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AGeing effects on human aORta: from shApe to flowS (AGORAs)
Start date: 16 May 2016, End date: 15 May 2019 PROJECT  FINISHED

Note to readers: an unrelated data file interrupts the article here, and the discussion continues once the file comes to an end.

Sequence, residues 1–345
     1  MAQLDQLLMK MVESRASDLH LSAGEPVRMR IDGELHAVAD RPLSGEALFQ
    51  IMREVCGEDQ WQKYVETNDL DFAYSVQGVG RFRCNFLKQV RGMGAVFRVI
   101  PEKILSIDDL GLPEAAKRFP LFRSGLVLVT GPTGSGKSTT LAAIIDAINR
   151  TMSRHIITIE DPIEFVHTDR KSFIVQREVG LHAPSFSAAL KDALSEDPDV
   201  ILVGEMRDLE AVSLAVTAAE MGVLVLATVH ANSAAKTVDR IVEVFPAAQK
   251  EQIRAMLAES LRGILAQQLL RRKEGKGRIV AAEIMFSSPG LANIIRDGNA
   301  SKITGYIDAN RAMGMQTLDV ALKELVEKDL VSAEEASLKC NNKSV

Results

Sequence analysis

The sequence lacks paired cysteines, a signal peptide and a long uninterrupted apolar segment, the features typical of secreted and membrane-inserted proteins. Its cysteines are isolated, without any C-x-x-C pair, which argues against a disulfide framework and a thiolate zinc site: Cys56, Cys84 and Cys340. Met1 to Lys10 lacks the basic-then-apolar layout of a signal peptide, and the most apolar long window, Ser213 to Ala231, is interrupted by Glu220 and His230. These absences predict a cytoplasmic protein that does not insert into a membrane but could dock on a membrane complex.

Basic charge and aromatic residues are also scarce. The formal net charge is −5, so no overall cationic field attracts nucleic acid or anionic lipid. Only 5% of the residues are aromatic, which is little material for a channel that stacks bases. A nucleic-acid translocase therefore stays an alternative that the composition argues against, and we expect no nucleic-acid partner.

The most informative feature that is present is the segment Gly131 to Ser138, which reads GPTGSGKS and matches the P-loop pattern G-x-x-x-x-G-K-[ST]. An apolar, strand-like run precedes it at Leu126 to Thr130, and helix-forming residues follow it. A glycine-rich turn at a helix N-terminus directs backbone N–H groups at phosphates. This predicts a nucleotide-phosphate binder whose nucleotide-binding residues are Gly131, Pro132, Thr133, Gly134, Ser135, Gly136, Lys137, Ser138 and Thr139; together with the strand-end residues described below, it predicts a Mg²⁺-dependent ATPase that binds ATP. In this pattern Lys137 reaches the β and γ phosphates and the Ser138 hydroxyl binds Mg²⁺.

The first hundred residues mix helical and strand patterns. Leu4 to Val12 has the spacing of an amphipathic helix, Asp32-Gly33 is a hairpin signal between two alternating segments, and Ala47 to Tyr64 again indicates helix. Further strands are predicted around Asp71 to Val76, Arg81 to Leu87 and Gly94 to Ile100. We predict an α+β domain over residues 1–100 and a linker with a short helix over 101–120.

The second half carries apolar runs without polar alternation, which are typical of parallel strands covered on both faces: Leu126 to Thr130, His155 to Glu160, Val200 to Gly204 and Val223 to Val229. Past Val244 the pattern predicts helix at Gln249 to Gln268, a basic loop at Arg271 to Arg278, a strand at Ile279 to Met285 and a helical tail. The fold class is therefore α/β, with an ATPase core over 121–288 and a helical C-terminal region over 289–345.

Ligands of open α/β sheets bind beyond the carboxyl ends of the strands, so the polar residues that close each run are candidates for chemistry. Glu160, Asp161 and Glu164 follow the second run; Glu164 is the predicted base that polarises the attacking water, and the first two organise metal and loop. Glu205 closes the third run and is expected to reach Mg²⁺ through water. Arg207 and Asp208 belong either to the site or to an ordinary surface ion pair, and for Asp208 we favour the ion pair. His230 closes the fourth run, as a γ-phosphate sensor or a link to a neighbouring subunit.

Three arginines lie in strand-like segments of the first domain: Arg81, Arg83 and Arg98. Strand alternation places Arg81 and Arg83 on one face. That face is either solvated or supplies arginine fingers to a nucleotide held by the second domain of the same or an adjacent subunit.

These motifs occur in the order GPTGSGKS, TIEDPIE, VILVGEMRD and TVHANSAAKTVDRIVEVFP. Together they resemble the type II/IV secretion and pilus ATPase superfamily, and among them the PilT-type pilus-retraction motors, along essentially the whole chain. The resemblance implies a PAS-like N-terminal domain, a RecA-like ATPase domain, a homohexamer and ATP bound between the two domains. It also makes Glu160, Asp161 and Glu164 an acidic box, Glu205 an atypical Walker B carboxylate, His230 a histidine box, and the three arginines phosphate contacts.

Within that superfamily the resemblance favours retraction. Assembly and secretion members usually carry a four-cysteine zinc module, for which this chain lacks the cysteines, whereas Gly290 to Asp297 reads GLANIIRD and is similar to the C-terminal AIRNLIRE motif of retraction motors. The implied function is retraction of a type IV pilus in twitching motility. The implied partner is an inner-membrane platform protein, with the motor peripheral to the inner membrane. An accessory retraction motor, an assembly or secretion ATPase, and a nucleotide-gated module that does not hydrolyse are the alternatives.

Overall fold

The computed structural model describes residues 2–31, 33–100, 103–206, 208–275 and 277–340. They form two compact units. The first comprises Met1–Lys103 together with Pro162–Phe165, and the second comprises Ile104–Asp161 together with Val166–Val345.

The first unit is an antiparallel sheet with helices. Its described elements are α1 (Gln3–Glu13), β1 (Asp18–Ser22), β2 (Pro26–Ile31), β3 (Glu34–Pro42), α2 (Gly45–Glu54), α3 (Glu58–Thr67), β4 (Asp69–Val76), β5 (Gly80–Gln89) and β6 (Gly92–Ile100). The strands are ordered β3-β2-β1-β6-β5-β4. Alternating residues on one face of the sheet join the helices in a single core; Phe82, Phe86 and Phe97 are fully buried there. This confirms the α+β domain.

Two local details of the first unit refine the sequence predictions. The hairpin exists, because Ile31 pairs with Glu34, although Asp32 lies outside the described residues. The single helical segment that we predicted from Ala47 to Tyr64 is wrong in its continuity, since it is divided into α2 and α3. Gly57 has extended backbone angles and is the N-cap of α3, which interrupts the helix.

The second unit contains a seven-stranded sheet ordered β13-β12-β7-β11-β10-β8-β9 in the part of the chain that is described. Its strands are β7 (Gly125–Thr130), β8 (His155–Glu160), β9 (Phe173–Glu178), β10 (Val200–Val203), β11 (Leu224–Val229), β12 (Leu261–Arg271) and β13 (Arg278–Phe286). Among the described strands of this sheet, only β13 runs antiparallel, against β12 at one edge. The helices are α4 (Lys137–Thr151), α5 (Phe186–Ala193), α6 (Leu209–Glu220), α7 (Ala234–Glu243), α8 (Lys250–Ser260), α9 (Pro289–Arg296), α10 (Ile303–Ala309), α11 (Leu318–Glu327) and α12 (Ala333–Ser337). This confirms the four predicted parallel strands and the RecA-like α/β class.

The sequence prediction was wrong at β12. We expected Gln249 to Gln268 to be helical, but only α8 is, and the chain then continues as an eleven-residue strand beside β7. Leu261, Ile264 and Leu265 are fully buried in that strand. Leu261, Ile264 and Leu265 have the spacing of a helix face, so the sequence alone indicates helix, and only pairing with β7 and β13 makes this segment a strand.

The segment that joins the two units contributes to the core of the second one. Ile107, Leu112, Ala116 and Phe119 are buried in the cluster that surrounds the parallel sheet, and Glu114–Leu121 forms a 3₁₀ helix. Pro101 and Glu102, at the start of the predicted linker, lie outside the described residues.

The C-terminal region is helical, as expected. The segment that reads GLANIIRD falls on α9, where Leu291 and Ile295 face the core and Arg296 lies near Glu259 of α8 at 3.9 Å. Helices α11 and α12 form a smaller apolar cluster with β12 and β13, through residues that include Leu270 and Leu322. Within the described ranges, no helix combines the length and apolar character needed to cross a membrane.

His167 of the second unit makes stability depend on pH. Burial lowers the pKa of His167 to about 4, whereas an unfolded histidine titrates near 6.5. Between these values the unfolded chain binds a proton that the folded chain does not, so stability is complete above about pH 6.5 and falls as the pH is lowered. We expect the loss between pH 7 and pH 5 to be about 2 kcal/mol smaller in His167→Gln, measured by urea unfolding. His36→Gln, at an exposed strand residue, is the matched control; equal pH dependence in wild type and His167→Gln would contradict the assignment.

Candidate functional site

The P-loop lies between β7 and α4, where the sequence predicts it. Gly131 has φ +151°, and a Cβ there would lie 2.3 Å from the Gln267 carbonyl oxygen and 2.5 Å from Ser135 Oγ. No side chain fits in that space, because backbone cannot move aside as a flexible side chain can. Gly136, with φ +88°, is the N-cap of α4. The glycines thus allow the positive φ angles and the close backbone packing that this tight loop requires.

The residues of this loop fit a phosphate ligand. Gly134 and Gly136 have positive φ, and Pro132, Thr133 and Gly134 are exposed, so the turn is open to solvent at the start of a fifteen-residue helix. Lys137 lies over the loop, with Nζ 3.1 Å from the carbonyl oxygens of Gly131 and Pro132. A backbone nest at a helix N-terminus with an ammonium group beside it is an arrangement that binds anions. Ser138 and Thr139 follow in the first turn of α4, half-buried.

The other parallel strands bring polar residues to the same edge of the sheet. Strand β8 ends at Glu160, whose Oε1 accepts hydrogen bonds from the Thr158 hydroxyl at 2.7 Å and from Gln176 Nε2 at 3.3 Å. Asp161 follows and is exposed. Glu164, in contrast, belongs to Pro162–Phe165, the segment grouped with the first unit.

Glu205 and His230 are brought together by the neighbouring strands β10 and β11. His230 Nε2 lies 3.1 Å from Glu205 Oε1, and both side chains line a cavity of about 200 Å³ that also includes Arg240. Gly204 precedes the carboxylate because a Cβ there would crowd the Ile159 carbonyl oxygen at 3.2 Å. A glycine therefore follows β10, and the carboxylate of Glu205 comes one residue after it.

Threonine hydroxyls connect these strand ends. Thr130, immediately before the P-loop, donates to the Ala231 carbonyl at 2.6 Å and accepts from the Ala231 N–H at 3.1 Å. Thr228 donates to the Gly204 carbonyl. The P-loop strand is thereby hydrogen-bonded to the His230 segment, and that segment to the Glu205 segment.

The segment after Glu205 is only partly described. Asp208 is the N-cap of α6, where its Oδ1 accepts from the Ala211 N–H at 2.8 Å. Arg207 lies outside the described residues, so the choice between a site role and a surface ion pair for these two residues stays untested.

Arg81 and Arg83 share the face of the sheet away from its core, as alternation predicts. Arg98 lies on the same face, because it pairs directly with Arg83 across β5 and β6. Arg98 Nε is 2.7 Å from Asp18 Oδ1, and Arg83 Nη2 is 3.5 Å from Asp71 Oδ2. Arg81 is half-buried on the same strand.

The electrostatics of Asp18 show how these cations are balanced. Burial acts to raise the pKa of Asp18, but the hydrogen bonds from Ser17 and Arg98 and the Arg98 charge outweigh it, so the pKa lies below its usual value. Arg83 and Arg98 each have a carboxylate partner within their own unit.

Age-related remodeling of the aorta is associated with alterations in morphology and hemodynamics . These alterations are involved and accelerated in the presence of cardiovascular diseases (CVDs), suggesting that they are the likely culprits that underlie the increased cardiovascular risk associated with ageing . However, an advanced characterization of the age-related morphological/hemodynamic alterations and on their synergistic interplay is missing, mainly because encumbered by time-consuming operator-dependent tasks. In this 36 months global fellowship (University of Toronto, Canada and Politecnico di Torino, Italy), the potential clinical utility of such a characterization will be addressed, developing tools for the quantitative assessment of the age-associated alterations in a large-scale cross-sectional dataset of aortas from subjects with successful ageing. After training on phase-contrast magnetic resonance imaging (PCMRI) technique, for each subject the 4D velocity field will be acquired. Quantitative morphometric parameters will be defined and evaluated in vivo. To investigate aortic hemodynamics, PCMRI will be complemented by computational fluid dynamics (CFD) to overcome PCMRI limitations on temporal/spatial resolution and wall shear stress quantification . The impact of CFD assumptions will be assessed by validating CFD results with PCMRI measurements. To improve CFD results accuracy, in the return phase PCMRI data will be incorporated into the numeric simulations, through the assimilation of the acquired flow fields into the CFD solver. Descriptors quantifiable in vivo and able to simplify the understanding of the complex 4D hemodynamic and of age-associated remodeling will be defined. The new tools for diagnostic/prognostic purposes will be integrated within the open-source Vascular Modelling ToolKit, to facilitate and streamline the diagnosis and monitoring of a wider range of CVDs when applied to other vascular districts (e.g. carotid, aneurysm).
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